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The Impact of Rising Sea Level on Internet Infrastructure

A recent study predicts that rising sea level might result in as much as 4,067 miles of fiber conduit being under water and 1,101 nodes (data centers, Internet exchanges, cable landing points, etc.) surrounded by water in U. S. coastal cities in 15 years.

Paul Barford, professor of computer science at the University of Wisconsin, and his colleagues have been compiling data on the physical Internet and making it available to the research community at the Internet Atlas Web portal since 2011. The portal includes an interactive visualization tool that can be used to create maps of Internet infrastructure in order to inform the public and guide network architects and policymakers.

Barford and his colleagues have combined their infrastructure data with sea level incursion projections from the National Oceanic and Atmospheric Administration (NOAA) in order to estimate expected damage to U. S. Internet infrastructure due to sea level rise and, as you see below, the NOAA data shows that sea-level has increased relatively rapidly off the U. S. coasts in recent years.

Sea level in 2016 compared to the 1993-2016 average. Source: Climate.gov

That is history, but NOAA also models future sea level rise and you can see predictions for specific locations using their Sea Level Rise Viewer (SLRV), a cool visualization tool. The SLRV predicts sea level rise through the year 2100 and computes estimates of sea level rise for five different scenarios at a selected location. For example, predictions for Miami, Florida for the year 2030 are: Intermediate Low scenario: 0.49ft, Intermediate: 0.75ft, Intermediate High: 0.98ft, High: 1.21ft and Extreme: 1.35ft. (The assumptions underlying the scenarios are spelled out here)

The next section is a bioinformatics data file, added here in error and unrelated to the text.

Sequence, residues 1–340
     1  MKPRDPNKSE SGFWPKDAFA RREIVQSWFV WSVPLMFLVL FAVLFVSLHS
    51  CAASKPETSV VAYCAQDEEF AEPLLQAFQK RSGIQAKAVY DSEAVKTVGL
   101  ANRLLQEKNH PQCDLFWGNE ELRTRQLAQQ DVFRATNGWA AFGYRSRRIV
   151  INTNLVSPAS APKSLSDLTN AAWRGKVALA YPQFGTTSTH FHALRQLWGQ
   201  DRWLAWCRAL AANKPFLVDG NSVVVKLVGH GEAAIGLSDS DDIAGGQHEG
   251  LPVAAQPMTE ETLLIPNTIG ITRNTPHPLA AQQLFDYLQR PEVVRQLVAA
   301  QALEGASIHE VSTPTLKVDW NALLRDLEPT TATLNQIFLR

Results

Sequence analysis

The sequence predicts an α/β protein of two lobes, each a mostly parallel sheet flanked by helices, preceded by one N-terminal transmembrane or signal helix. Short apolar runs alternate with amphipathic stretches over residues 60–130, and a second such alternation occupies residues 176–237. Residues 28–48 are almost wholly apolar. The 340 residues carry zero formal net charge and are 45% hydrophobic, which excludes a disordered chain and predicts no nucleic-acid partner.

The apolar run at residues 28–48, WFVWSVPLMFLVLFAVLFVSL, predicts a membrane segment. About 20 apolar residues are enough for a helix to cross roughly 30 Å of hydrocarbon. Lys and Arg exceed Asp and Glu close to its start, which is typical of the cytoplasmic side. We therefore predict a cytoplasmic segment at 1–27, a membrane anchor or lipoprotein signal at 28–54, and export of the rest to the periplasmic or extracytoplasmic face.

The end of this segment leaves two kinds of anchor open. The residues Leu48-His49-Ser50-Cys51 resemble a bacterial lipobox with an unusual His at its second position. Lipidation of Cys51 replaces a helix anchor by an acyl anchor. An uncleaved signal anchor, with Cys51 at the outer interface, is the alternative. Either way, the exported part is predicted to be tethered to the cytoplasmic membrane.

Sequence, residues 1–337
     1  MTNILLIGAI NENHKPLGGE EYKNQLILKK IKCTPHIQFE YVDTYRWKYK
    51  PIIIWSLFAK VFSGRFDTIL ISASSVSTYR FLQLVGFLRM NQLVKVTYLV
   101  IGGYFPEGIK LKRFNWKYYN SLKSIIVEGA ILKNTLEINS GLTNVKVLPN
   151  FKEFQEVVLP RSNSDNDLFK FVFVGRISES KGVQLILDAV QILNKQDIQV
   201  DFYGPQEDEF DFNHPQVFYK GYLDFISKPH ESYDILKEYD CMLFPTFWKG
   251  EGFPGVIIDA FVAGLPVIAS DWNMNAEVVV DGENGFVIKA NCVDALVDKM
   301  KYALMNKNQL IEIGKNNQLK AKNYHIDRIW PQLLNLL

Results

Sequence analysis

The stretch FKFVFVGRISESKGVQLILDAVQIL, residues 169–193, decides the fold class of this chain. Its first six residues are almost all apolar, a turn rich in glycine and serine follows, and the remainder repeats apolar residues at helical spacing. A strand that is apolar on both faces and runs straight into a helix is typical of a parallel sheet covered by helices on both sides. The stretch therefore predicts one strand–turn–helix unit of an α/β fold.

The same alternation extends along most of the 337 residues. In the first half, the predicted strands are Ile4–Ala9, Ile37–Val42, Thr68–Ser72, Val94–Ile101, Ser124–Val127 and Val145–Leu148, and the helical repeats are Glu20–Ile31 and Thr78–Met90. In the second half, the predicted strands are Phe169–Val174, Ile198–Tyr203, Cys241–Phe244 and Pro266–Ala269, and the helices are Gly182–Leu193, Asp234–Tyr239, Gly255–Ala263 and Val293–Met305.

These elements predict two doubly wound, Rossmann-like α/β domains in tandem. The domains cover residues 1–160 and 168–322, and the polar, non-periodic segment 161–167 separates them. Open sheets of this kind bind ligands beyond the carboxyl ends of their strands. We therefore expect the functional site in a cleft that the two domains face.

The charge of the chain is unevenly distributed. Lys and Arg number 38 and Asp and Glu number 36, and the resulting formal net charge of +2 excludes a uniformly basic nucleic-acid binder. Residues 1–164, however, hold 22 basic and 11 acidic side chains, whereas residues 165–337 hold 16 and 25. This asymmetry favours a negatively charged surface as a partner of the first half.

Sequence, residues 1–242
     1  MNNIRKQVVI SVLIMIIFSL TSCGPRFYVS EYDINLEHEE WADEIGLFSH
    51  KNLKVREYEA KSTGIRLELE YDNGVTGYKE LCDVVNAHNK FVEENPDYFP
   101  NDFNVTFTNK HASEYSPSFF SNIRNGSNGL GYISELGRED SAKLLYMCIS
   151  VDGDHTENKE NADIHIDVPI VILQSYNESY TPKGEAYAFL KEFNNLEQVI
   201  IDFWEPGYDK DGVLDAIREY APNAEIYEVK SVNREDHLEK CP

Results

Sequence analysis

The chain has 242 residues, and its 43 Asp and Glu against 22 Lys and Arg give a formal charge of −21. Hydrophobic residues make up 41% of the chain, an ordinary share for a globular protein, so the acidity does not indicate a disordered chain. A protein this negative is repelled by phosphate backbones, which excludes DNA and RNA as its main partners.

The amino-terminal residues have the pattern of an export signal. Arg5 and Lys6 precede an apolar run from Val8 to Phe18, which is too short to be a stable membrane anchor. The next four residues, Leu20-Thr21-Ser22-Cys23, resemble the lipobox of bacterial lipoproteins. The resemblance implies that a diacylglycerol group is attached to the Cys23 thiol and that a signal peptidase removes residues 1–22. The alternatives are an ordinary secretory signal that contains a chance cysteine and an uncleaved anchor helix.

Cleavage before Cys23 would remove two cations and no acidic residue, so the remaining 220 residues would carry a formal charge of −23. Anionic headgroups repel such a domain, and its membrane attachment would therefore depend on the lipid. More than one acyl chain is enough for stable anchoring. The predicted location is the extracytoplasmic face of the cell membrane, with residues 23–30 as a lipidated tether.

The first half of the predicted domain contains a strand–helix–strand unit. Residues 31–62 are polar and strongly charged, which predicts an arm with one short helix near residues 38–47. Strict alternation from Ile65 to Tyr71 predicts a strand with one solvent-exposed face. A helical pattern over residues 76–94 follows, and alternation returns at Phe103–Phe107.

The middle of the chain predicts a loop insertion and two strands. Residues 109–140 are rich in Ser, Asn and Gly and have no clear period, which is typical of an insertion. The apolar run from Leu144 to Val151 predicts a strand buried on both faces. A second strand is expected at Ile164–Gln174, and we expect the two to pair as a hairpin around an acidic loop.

For this study, Barford and his colleagues used NOAA’s Extreme scenario estimate of a global mean sea level rise of one foot per 15 years through 2100 and concluded that in the U. S. 4,067 miles of fiber conduit will be under water and 1,101 nodes (e.g., points of presence, Internet exchanges, cable landing points, etc.) will be surrounded by water in the next 15 years.

National outage due to hurricane Sandy (source)The study concluded that Miami, New York, and Seattle will be the hardest hit U.S. cities, but don’t think you are home free if you live in Kansas—the Internet is global and we are all affected by outages.

They also noted that since much Internet infrastructure is located near the coast in large cities, much of the future damage will occur fairly soon. Even if we assume the Intermediate Low scenario, Miami sea-level will have risen by a foot by 2015.

Los Angeles in 15 yearsYou can use the SLRV to check the situation in your local area using the scenario that best fits it. For example, this is what the coastal region of my city, Los Angeles, is projected to look like in 15 years using the Extreme scenario. The blue areas (on a green background) show expected sea level rise inundation and the dark green lines are fiber conduits.